Molecular Phylogeny, Classification and Evolution of Conopeptides
- 670 Downloads
Conopeptides are toxins expressed in the venom duct of cone snails (Conoidea, Conus). These are mostly well-structured peptides and mini-proteins with high potency and selectivity for a broad range of cellular targets. In view of these properties, they are widely used as pharmacological tools and many are candidates for innovative drugs. The conopeptides are primarily classified into superfamilies according to their peptide signal sequence, a classification that is thought to reflect the evolution of the multigenic system. However, this hypothesis has never been thoroughly tested. Here we present a phylogenetic analysis of 1,364 conopeptide signal sequences extracted from GenBank. The results validate the current conopeptide superfamily classification, but also reveal several important new features. The so-called “cysteine-poor” conopeptides are revealed to be closely related to “cysteine-rich” conopeptides; with some of them sharing very similar signal sequences, suggesting that a distinction based on cysteine content and configuration is not phylogenetically relevant and does not reflect the evolutionary history of conopeptides. A given cysteine pattern or pharmacological activity can be found across different superfamilies. Furthermore, a few conopeptides from GenBank do not cluster in any of the known superfamilies, and could represent yet-undefined superfamilies. A clear phylogenetically based classification should help to disentangle the diversity of conopeptides, and could also serve as a rationale to understand the evolution of the toxins in the numerous other species of conoideans and venomous animals at large.
KeywordsCone snails Conus Conoidea Cys-pattern Venom Molecular evolution
We are grateful to the European Commission for financial support. This study has been performed as a part of the CONCO cone snail genome project for health (www.conco.eu) within the 6th Framework Program (LIFESCIHEALTH-6 Integrated Project LSHB-CT-2007, contract number 037592). We are also grateful to Frédérique Lisacek from the Swiss Institute of Bioinformatics for ongoing help. We would like to thank Dr Ron Hogg of OmniScience SA for editorial support.
Conflict of interest
The authors declare that they have no conflict of interest.
- Aguilar MB, Chan de la Rosa RA, Falcon A, Olivera BM, de la Heimer Cotera EP (2009) Peptide pal9a from the venom of the turrid snail Polystira albida from the Gulf of Mexico: purification, characterization, and comparison with P-conotoxin-like (framework IX) conoidean peptides. Peptides 30:467–476PubMedCrossRefGoogle Scholar
- Chang C, Duda TF (2012) Extensive and continuous duplication facilitates rapid evolution and diversification of gene families. Mol Biol Evol. Advance accessGoogle Scholar
- Favreau P, Benoit E, Hocking E, Carlier L, D’hoedt D, Leipold E, Markgraf D, Schlumberger S, Cordova M, Gaertner H, Paolini-Bertrand M, Hartley O, Tytgat J, Heinemann S, Bertrand D, Boelens R, Stöcklin R, Molgo J (2012) A novel mu-conopeptide, CnIIIC, exerts potent and preferential inhibition of NaV1.2/1.4 channels and blocks neuronal nicotinic acetylcholine receptors. Br J Pharmacol (in press)Google Scholar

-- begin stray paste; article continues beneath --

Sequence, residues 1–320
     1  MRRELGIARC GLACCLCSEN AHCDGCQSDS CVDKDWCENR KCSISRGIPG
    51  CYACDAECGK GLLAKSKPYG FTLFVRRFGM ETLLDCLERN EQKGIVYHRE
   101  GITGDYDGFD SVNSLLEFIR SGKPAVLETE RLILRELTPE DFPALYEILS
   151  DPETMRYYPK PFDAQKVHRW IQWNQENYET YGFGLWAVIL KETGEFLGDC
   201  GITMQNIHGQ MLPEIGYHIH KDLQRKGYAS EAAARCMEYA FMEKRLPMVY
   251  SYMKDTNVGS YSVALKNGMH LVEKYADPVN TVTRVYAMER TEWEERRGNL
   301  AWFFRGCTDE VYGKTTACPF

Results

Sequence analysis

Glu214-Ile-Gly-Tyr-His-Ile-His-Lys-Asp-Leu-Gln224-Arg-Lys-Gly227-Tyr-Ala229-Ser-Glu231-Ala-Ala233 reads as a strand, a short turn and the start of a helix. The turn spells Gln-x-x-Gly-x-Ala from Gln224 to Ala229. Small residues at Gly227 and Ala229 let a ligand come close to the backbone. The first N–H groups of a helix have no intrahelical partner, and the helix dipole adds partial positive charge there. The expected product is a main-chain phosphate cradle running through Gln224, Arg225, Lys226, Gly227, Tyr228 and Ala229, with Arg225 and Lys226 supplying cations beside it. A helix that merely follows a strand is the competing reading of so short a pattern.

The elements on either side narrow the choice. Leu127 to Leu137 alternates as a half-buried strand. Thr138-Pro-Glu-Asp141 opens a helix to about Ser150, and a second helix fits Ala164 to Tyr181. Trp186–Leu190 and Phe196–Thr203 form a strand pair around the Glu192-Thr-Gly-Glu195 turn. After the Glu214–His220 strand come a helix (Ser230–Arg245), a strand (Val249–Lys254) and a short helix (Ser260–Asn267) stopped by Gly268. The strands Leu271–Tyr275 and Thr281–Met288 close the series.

- Fedosov AE (2007) Anatomy of accessory rhynchodeal organs of Veprecula vepratica and Tritonoturris subrissoides: new types of foregut morphology in Raphitominae (Conoidea). Ruthenica 17:33–41Google Scholar
- Hall TA (1999) BioEdit: a user-friendly biological sequence alignment editor and analysis program for Windows 95/98/NT. Nucleic Acids Symp Ser 41:95–98Google Scholar
- Imperial JS, Kantor Y, Watkins M, Heralde FM, Stevenson B, Chen P, Hansson K, Stenflo J, Ownby J-P, Bouchet P, Olivera BM (2007) Venomous auger snail Hastula (Impages) hectica (Linnaeus 1758): molecular phylogeny, foregut anatomy and comparative toxinology. J Exp Zool 308B:744–756CrossRefGoogle Scholar
- Koua D, Brauer A, Laht S, Kaplinski L, Favreau P, Remm M, Lisacek F, Stöcklin R (2012) ConoDictor: a tool for prediction of conopeptide superfamilies. Nucleic Acids Res (in press)Google Scholar
- Medinskaya AI, Sysoev A (2003) The anatomy of Zemacies excelsa, with a description of a new subfamily of Turridae (Gastropoda, Conoidea). Ruthenica 13:81–87Google Scholar
- Olivera BM, Walker C, Cartier GE, Hooper D, Santos AD, Schoenfeld R, Shetty R, Watkins M, Bandyopadhyay PK, Hillyard DR (1999) Speciation of cone snails and interspecific hyperdivergence of their venom peptides. Potential evolutionary significance of introns. Ann NY Acad Sci 870:223–237PubMedCrossRefGoogle Scholar
- Rambaut A, Drummond AJ (2007) Tracer v1.4. Available from http://beast.bio.ed.ac.uk/Tracer
- Violette A, Leonardi A, Piquemal D, Terrat Y, Biass D, Dutertre S, Noguier F, Ducancel F, Stöcklin R, Križaj I, Favreau P (2012) Recruitment of glycosyl hydrolase proteins in a cone snail venomous arsenal: further insights into biomolecular features of Conus venoms. Mar Drugs 10:258–280PubMedCrossRefGoogle Scholar